Pennsylvania readers might be interested to learn that, according to ProPublica and National Public Radio, 10 percent of working people in the U.S. aged 35 to 44 are subject to wage garnishment. Many of the garnishments are because of student loans, medical or credit card debt.
Federal law protects the lesser of 75 percent of an employee's earnings or the amount that would be earned for 30 hours of work at the federal minimum wage per week. Pennsylvania, though, is among four states that offer greater protection; it has effectively banned wage garnishment for most types of debt. But that doesn't stop collectors from pursuing consumers with collections calls and other efforts.
Because there is no national data available, ProPublica requested data from ADP, the largest payroll services company in the U.S., regarding wage garnishment. ADP thereafter released a report indicating that, among employees aged 35 to 44, approximately half of wage garnishments resulted from outstanding child support. Among those in that age group earning between $25,000 and $40,000 annually, though, wage garnishment for consumer debt was more common than for child support. Extrapolated nationwide, the ADP report suggests that up to 4 million American workers are subject to wage garnishment for consumer debt.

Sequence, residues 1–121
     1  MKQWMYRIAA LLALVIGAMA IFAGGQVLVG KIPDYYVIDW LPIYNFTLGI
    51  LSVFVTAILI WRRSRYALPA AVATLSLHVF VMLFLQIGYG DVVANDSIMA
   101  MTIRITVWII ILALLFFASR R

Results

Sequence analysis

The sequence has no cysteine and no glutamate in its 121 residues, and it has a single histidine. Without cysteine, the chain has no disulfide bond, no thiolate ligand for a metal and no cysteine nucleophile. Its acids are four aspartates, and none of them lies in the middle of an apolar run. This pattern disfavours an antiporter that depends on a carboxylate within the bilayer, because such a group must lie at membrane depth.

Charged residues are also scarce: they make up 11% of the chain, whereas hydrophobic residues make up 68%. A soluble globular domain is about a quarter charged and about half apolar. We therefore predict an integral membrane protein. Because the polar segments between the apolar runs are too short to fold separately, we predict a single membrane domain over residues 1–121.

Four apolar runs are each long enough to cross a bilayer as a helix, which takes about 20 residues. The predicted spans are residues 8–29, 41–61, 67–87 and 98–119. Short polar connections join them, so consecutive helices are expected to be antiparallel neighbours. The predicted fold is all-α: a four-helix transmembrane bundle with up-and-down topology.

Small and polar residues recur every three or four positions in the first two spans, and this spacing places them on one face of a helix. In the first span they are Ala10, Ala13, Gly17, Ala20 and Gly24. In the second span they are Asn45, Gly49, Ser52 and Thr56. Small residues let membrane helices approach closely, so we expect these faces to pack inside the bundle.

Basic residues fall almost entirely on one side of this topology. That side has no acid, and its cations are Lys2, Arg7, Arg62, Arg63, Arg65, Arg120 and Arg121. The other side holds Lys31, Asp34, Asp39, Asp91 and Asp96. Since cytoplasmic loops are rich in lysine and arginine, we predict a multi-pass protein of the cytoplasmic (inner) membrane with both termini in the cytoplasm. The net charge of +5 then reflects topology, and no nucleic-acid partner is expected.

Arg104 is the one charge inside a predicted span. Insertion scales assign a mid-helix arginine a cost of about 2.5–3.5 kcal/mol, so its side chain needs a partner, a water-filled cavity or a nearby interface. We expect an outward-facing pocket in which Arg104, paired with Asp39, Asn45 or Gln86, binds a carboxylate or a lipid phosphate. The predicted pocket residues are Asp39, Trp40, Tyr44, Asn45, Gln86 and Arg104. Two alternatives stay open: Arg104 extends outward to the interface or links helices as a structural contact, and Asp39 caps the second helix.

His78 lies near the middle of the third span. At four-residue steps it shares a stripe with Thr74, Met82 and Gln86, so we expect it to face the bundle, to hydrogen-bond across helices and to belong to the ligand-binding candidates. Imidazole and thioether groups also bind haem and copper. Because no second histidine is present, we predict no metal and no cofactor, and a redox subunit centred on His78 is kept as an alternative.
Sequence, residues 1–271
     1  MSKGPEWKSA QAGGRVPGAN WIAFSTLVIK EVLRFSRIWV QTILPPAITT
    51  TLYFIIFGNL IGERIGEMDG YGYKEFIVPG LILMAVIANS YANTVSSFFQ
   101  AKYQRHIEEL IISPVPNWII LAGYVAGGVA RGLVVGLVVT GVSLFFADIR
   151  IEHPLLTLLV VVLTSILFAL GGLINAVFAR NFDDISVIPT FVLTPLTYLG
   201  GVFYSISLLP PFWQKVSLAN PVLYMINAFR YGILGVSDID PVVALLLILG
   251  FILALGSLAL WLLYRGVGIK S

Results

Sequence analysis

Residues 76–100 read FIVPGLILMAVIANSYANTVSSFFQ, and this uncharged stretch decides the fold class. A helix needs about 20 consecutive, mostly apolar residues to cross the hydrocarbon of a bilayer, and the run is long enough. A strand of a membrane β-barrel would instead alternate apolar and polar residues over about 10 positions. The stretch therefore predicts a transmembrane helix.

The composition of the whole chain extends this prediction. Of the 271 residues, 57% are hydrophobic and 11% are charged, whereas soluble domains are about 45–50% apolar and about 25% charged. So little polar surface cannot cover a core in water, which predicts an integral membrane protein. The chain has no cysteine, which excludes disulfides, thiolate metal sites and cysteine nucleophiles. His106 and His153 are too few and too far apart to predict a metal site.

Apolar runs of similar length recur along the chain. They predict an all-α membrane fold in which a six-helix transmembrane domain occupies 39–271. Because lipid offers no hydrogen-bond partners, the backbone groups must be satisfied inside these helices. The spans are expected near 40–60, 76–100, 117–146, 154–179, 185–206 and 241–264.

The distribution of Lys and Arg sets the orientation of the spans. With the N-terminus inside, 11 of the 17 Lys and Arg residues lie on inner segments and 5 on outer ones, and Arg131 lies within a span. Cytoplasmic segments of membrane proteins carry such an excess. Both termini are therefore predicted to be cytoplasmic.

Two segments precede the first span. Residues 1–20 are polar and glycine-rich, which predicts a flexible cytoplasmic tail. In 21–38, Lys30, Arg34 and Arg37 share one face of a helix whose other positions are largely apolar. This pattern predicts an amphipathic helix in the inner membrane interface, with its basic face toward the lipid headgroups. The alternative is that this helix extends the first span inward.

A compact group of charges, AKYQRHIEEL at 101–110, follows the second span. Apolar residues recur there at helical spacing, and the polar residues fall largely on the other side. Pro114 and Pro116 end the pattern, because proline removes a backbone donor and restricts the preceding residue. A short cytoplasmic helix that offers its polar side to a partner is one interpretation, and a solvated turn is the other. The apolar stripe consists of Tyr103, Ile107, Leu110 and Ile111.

Debt collectors may also attempt to seize funds from a person's bank accounts. There is no data on the frequency of the practice, but those who were interviewed by ProPublica and NPR often said their creditors had at least attempted such a seizure. Those who are dealing with creditor harassment or who anticipate a lawsuit for debt collection may wish to consult an attorney with experience in consumer debt matters. A bankruptcy attorney may be able to suggest legal options to reduce or eliminate debt or to stop creditor calls. In a situation where a person has been or is being sued because of credit card debt, an attorney may be able to help by examining the facts of the case and drafting and filing an answer to the complaint.
Source: NPR, "Millions Of Americans' Wages Seized Over Credit Card And Medical Debt", Chris Arnolds and Paul Kiel, September 15, 2014